The statistics it put up were great! The Thunderbolt II ended up destroying 900 tanks, 1,200 artillery pieces, 2,000 other military vehicles, and had two air-to-air victories. That’s quite the showing for the first time going into war!

Helping With A Rescue

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Independent News and Media/Getty Images
Independent News and Media/Getty Images

Eight years after entering its first battle, the A-10 provided some critical help to someone in need. In 1999, the Thunderbolt II helped rescue a downed F-117 pilot in Kosovo. How exactly did it do this?

Well, the aircraft provided its superior ground support as three helicopters performed the rescue mission. It was a total team effort, but with the assist on the ground level, the results might have turned out differently. That pilot has four aircraft to thank.

Fighting To Keep It Alive

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Usaf/Getty Images
Usaf/Getty Images

There was a time when the A-10 almost ceased to exist. The government and the Air Force had to strike a deal to keep this aircraft alive, but what were the agreements?

In 1973, Secretary of Defense James Schlesinger thought of a nice compromise. He said he would get rid of the cap on the number of wings (not wings on a plane, think hangar) that Air Force fighters could have, but only if Air Force General George Brown would keep the Thunderbolt around.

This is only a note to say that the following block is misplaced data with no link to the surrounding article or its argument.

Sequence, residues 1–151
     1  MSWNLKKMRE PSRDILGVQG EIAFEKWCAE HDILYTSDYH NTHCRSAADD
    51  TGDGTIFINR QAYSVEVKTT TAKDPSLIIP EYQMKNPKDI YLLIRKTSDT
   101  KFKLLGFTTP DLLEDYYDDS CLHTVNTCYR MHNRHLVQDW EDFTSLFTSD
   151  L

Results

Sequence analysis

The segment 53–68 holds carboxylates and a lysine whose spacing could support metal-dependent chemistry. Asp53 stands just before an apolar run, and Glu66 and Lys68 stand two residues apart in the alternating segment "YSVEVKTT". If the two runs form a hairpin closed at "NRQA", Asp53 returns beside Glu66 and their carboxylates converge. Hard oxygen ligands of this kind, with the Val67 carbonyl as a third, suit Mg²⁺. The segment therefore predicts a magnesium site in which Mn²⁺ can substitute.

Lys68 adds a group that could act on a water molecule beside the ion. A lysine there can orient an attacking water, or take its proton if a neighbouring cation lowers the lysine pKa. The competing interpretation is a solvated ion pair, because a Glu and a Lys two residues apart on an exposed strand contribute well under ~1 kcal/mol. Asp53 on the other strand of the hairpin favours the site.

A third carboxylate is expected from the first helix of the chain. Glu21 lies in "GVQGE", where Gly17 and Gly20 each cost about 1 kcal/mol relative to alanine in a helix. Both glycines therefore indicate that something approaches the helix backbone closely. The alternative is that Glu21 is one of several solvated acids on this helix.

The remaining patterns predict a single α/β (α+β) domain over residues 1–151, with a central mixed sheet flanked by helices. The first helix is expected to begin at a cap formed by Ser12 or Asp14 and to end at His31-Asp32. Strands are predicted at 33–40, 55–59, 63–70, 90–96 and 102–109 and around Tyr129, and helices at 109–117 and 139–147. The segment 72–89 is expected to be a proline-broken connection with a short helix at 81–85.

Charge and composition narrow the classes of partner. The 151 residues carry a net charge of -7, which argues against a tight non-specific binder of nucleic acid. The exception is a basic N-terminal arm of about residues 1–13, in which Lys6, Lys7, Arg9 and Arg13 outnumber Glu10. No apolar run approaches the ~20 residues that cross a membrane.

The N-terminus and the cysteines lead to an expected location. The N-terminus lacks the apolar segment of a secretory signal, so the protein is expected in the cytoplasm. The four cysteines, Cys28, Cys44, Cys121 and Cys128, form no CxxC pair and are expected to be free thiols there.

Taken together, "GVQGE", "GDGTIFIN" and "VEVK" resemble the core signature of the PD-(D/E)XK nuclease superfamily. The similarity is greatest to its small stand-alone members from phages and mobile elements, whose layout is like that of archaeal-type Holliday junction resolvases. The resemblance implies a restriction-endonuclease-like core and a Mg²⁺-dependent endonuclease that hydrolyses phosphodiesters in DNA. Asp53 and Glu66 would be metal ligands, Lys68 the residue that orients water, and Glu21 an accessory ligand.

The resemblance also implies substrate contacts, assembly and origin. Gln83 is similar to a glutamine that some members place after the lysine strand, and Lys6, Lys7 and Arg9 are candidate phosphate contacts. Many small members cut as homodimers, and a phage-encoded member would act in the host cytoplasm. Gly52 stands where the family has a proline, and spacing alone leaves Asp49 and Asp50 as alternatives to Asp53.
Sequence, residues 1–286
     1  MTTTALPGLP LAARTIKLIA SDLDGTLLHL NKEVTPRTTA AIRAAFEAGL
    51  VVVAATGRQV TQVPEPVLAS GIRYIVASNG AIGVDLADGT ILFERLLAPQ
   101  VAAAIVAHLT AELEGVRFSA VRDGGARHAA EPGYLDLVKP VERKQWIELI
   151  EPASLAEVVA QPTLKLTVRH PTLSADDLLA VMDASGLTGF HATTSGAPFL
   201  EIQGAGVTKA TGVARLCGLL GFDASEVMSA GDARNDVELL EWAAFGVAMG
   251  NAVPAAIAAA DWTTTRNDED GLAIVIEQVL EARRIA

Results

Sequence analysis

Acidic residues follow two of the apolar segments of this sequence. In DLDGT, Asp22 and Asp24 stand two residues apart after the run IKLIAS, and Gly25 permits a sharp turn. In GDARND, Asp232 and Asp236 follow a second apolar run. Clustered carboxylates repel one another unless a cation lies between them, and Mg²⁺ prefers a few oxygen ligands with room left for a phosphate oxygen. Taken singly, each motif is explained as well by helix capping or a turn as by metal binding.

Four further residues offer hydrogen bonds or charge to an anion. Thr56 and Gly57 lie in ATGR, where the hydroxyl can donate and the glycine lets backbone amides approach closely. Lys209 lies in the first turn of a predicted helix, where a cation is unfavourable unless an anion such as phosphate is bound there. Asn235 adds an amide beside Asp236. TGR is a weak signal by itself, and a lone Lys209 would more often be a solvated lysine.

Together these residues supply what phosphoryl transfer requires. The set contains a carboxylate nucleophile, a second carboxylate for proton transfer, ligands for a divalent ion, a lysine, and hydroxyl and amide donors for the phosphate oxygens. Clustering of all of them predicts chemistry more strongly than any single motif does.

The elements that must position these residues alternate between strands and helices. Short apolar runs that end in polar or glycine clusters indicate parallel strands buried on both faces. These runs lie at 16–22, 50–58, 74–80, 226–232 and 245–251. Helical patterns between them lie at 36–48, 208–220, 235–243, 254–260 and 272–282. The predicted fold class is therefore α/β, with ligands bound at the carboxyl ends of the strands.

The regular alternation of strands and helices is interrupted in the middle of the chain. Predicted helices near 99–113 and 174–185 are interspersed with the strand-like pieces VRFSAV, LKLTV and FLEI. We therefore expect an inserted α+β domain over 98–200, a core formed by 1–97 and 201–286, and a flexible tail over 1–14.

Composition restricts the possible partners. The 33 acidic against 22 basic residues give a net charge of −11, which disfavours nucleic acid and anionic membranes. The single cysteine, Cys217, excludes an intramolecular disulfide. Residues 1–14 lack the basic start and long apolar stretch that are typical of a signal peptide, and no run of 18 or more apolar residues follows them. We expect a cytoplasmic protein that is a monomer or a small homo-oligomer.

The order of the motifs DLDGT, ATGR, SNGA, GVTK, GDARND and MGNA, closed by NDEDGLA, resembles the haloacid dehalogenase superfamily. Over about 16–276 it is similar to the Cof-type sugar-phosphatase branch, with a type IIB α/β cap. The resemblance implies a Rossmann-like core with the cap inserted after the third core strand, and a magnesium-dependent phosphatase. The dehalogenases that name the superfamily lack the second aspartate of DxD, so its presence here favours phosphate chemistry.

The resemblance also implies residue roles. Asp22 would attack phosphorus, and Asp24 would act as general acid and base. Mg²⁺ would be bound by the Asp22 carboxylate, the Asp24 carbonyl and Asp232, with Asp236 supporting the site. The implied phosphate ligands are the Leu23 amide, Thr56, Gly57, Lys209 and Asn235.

Long And Wide

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Usaf/Getty Images
Usaf/Getty Images

Every plane or jet has a different length and width. Not all are the same, and we can learn that from the A-10, which has an interesting feature about it.

The Thunderbolt II has a wingspan of 57 feet and six inches. Its length comes in at 53 feet and four inches. That means that it’s almost as wide as it is long. That’s not something you see every day in planes, but the Thunderbolt II is one exception.

A Special Piece Of Armament

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USAF
USAF

We’ve touched on numerous pieces of equipment that the Thunderbolt II. One that hasn’t been mentioned is the AGM-65 Maverick air-to-ground missile. That sounds as intense as the heavy cannon it has!

Well, that’s because it is. Each of the missiles weigh 670 pounds and can obliterate a tank with only one shot. You’ve got to feel a bit sorry for tanks that get in the way of this thing.